Muslim Cool

Race, Religion, and Hip Hop in the United States

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Su'ad Abdul Khabeer
  • New York, NY: 
    New York University Press
    , December
     288 pages.
     For other formats: Link to Publisher's Website.


“Hard Times Like God”: Review of Muslim Cool: Race, Religion, and Hip-Hop in the United States (Khabeer 2016)

“Blackness is invaluable to our collective existence” insists Su’ad Abdul Khabeer (222) in Muslim Cool: Race, Religion, and Hip-Hop in the United States. Khabeer centers Blackness in this rich ethnography of American Muslim lives.

Several prominent scholars of religion—Tom Tweed, Aaron Hughes, and Richard Martin, among others—have recently urged Islamic Studies scholars to broaden the linguistic, geographic, historical, and theoretical scope of their inquiries. Khabeer’s work both interrogates the political stakes of rethinking the boundaries of Islam while compellingly demonstrating how Islamic studies scholars have always already been broadening that scope (and to this point, see also the work of scholars like Kayla Wheeler, Ilyse Morgenstein Fuerst, Kathleen Foody, Brannon Ingram, Kristian Petersen, Juliane Hammer, Çemil Aydin, Amina Wadud, and Debra Majeed, to start).

Khabeer’s core theoretical intervention, the category of “Muslim Cool,” challenges two “hegemonic ethnoreligious norms”: the elision of Muslim with Arab and South Asian immigrant communities, and the privileging of whiteness above all other US racial identities (2). By detailing and analyzing her interactions with IMAN, a Chicago-based Muslim-led initiative dedicating to “healing the ‘hood,” Khabeer demonstrates how Black music, style, and relationships to the US nation-state have directly informed broader American Muslim lived practices (17).

While others are certainly better equipped to analyze Khabeer’s contributions to the study of hip-hop and performance theory, I was excited to note that Muslim Cool makes several key interventions in the study of American religions. Muslim Cool’s thick description and accessible theory make this book engaging for and teachable to intermediate and advanced undergraduate courses on race, politics, and American religions. In particular, Khabeer’s work dovetails neatly with the insights of Sylvester Johnson in African American Religions, 1500-2000 (Cambridge University Press, 2015) and Judith Weisenfeld’s New World A’Coming (New York University Press, 2017). Muslim Cool does much work toward showing the reader that the American religious landscape has always included Islam, and that in the United States, Islam functions as a religio-racial identity. Khabeer also demonstrates the centrality of space and place to the study of American religions, illustrating how urban spaces facilitate and ground religious exchange.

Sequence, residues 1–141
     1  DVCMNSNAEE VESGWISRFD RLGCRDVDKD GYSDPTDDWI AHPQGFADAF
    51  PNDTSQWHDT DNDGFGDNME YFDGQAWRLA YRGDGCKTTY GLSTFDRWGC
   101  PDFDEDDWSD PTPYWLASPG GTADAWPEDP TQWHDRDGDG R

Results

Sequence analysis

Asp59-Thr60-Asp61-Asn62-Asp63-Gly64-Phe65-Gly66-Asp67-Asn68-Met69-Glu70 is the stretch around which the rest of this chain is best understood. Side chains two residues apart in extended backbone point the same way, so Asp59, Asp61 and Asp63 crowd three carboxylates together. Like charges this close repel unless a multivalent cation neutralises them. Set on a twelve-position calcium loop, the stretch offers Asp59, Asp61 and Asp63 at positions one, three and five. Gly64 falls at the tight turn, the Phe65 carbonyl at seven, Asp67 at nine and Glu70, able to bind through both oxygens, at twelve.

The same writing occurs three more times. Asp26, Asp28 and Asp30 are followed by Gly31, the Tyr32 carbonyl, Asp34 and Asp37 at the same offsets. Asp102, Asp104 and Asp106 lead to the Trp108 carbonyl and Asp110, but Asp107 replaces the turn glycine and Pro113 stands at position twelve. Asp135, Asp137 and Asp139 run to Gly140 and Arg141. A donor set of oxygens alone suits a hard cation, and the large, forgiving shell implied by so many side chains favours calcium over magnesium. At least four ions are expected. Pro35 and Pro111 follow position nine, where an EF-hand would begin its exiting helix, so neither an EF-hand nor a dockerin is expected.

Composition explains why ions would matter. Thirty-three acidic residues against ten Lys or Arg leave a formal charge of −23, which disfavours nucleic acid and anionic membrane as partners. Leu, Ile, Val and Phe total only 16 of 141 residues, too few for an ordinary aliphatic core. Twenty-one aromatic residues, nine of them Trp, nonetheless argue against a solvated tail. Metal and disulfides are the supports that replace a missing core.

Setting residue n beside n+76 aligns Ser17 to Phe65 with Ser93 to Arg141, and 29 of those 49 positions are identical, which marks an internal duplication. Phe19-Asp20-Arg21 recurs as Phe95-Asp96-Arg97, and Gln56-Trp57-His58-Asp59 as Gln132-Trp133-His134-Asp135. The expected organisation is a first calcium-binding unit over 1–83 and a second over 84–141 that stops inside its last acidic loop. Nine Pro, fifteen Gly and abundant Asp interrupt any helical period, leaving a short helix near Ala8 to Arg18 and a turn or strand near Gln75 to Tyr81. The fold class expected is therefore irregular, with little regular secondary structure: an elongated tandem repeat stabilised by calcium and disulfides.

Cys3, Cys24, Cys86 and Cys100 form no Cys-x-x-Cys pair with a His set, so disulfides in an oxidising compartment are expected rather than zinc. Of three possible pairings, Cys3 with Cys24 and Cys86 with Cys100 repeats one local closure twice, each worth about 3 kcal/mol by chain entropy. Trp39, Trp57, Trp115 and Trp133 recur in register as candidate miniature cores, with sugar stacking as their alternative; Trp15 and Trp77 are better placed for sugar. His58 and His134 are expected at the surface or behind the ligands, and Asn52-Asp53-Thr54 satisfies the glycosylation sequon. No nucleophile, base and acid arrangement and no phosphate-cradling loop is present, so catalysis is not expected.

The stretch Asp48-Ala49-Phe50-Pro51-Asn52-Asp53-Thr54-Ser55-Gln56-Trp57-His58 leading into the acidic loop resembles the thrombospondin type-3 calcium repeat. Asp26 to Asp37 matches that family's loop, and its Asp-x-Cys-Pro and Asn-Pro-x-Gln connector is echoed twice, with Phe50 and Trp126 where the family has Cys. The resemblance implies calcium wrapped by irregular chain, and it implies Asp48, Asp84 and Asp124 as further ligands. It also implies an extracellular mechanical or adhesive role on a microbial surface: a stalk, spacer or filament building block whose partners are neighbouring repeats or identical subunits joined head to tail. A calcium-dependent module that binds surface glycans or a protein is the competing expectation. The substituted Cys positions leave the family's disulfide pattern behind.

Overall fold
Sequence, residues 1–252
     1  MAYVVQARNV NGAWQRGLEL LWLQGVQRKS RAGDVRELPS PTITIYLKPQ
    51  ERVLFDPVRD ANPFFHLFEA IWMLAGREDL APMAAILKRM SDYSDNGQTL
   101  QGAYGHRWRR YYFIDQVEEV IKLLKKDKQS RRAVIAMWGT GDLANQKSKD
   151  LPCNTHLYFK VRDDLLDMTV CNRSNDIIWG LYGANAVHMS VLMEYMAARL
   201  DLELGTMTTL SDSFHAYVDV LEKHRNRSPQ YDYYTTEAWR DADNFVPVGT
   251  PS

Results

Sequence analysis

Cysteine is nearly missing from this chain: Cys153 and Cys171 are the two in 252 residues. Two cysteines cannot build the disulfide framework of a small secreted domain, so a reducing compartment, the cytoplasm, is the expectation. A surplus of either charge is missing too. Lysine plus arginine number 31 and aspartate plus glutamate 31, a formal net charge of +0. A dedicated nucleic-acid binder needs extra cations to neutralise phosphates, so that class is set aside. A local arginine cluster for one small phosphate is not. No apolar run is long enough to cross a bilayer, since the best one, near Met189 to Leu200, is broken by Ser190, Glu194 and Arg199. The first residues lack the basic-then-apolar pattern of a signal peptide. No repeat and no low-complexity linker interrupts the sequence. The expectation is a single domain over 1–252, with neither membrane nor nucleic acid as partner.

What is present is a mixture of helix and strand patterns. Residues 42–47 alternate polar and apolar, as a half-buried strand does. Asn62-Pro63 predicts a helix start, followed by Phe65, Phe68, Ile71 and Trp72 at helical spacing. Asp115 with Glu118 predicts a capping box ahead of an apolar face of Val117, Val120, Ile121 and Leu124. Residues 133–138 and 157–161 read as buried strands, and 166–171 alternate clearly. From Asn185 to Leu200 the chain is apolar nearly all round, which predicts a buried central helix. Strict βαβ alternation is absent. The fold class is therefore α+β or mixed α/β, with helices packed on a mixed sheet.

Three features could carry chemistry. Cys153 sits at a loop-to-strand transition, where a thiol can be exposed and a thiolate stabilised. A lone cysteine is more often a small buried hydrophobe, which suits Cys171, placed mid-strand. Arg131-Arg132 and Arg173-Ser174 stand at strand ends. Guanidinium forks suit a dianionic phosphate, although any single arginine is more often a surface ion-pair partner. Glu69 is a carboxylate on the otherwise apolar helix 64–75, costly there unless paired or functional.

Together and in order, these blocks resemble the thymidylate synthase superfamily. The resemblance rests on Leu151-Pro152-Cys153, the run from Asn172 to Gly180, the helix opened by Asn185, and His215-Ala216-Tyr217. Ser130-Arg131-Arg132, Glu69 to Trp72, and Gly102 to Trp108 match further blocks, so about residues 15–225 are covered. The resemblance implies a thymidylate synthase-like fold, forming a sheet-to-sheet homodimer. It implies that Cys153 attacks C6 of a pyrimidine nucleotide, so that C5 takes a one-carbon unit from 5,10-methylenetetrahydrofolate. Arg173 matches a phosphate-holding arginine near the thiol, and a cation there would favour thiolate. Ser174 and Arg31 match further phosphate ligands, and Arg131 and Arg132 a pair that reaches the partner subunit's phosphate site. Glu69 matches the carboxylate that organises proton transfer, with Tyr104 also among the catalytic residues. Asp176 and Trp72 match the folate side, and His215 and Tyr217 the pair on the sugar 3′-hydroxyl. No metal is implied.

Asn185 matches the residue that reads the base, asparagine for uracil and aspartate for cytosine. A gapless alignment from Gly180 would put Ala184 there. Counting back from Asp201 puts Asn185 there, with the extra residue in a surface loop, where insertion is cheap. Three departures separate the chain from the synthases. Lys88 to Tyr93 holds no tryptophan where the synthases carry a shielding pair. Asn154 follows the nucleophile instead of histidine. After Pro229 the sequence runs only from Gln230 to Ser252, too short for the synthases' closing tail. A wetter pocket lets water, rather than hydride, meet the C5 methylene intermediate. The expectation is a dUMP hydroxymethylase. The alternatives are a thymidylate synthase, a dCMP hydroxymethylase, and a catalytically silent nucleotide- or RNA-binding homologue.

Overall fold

As a scholar of gender, I am glad to include Khabeer’s ethnography on the too-short list of considerations of Muslim masculinity. (Joseph Massad’s Desiring Arabs [Chicago 2008] and Amanullah de Sondy’s Crisis of Islamic Masculinities [Bloomsbury 2013] are likewise substantial contributions to that list.) Muslim Cool’s engagement of Muslim dandies suggests sartorial stylings as both a means of “racial-religious self-making” and as a mode of resistance to American white supremacy (23). With her consideration of the “hoodjab,” a material expression of Muslim piety originating among Black US American women and appropriated by other members of the ummah, Khabeer’s work on Black Muslim fashion maps a complex imbrication of “race, class, gender, and style” (23).

Two brief points of critique. First: beyond a brief engagement with the hypersexualization of Black men in the American white supremacist imagination, Khabeer fails to meaningfully engage with theories of sexuality (150-52). There is no engagement in Muslim Cool with LGBTIQ Muslims, and no suggestion that the concept of Muslim Cool makes space for gender non-conforming Muslims, regardless of racial or ethnic background. This omission fails to reflect the crucial contributions of queer, trans, nonbinary, and gender non-conforming Muslims to the American religious landscape. Second: though this is hardly her fault, Khabeer’s rejection of what she calls the “post-racial fallacy” is no longer quite so audacious after the November 2016 election. Very few scholars, I think, would now attempt to argue that “anti-Black racism is over” in the contemporary United States, particularly since the anchor of Khabeer’s ethnography, Chicago, has become a political dog whistle signaling calls for increased state surveillance and policing of Black US Americans (5).

With all this in mind, Khabeer voice is ultimately an important one to add to conversations about American religions, gender, and the study of Islam. Her most significant contributions are an insistence upon centering Blackness in US American Islam, and a compelling demonstration that both Blackness and Muslim identity challenge and expand our understandings of American-ness and American religion(s). Blackness, Khabeer urges, has been and is a “blueprint for the Muslim self,” and can offer a map toward “cross-racial solidarities in the United States” (221, 228). Muslim Cool convincingly argues that sympathy or hostility toward American Blackness has shaped American Muslim identity, and indeed, US American identity, full stop.

About the Reviewer(s): 

Megan Goodwin is a Visiting Scholar with Northeastern University's program in Women's, Gender, and Sexuality Studies.  Her work focuses on race, gender, sexuality, and American minority religions.

Date of Review: 
January 4, 2018
About the Author(s)/Editor(s)/Translator(s): 

Su’ad Abdul Khabeer is Assistant Professor of Anthropology and African American Studies at Purdue University (IN).

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